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How are men within organisations constrained by masculine stereotypes?

How are men within organisations constrained by masculine stereotypes? Use examples of a specific organisation (not the name) in explaining your answer.

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Here's an interesting one. If large missionary organizations like World Vision, Campus Crusade for Christ and Billy Graham Crusades, etc, can qualify as corporations, men are constrained (i.e., limited, bound, restricted, held back) by stereotypes that require dominant control of their families. This dominance extends to work in that women in equal positions are not expected to have equal say. If it is perceived that a man does not have this domestic dominance, or does not exercise the attitude of "last say" dominance at work, his career may be not advance, and it is possible, if the breach from the stereotype is perceived as great enough, a man may even lose his position altogether.  

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Stereotypes are powerful, because it gives pressure on people to act in a certain way. In the case of men, depending on where you are, there are certain characteristics that they should possess. If they do not possess them, then they would be seen a socially unacceptable. In terms of organizations, a man who goes against the stereotypes would seen as odd, at best. Moreover, men would have harder time breaking into certain areas that are dominated by women, such as child rearing jobs, early education, and nursing. 

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Men are generally expected to be free of any "emotional" issues that might affect work performance. As a male, I know my perception might very well be skewed, but it seems that I see women's feelings taken into account to a greater degree when supervisors give feedback or outright criticism of work performance. I've witnessed this in the educatonal and human resources fields.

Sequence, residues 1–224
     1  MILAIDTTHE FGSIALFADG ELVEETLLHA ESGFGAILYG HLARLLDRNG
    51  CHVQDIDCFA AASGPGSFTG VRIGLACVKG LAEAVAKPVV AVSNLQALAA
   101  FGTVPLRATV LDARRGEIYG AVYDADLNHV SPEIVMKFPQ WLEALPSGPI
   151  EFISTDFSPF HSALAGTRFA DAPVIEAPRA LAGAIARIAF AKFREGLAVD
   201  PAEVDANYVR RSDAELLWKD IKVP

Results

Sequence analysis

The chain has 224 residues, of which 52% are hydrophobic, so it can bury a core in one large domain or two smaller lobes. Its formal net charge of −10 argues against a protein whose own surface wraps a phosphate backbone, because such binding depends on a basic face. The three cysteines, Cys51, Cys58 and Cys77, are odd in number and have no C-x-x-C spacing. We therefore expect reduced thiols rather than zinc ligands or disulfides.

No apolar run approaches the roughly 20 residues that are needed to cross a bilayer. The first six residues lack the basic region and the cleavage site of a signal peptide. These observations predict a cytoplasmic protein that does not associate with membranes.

With that being said, I didn't think it was a very big deal, nor did I think it had a major impact on a male's ability to do his job or advance within the organization.

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While I have no experience in the business world, it is my understanding that, in years past, it would have been unthinkable for a male employee to request time off to attend to a sick child or parent. There apparently is some change occurring in this regard, but I wonder if there are still employers who frown on a male taking leave too often for family reasons.

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I've worked with a coach before at a school that was very upset that he wasn't fitting in because he didn't drink, tell dirty jokes, or swear- masculine stereotypes associated with coaching.  He was very concerned that if he didn't conform he wouldn't be able to advance his career or fit in with the other coaches.

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Masculine stereotypes control the behavior of men in organizations. Those of higher positions may not fraternize with those on lower levels. Senior personnel are expected to dress accordingly, be in control of one's emotions—though showing temper is not necessarily frowned upon, in general (I believe). Men will joke with other men at their level, but not with junior employees, and perhaps women as well. Men are expected to be strong leaders, and never show a soft side. 

These are, of course, generalizations. There are many companies that consider these behaviors somewhat archaic. Fridays are dress-down days. Holidays find office members celebrating on equal footing, and kindness to one's employees is seen as a desireable and commendable attitude. This promotes a more positive work environment, and motivates people to work together and help each other.

The stereotypes keep people compartmentalized, guaranteeing that "classes" do not intermingle...much the same way the aristocracy in Europe at one time would not mingle with peasants or the emerging middle-class, post Middle Ages. These stereotypes provide a strong sense of leadership, where actions are not likely questioned. Stereotypes constrain: while leadership is important and setting examples is important, a lack of interaction between all levels of personnel can promote jealousy, competition and distrust.

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Men in organizations are constrained by masculine stereotypes because they have to act the way that men are supposed to act.  A man who acts in an overly "feminine" way will be seen as an oddball.  Most organizations do not value oddballs.  Therefore, men (and women) are pressured to act according to societal stereotypes.

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How are men within organisations constrained by masculine stereotypes?How are men within organisations constrained by masculine stereotypes? Use examples of a specific organisation (not the name) in explaining your answer.

If I understand your question correctly, you are asking about ways in which men who are already employed by a business corporation are presently constrained (i.e., restricted, bound, held back, confined) by male stereotypes in specific (though unnamed) corporations. I can speak about this in two corporations in the securities industry.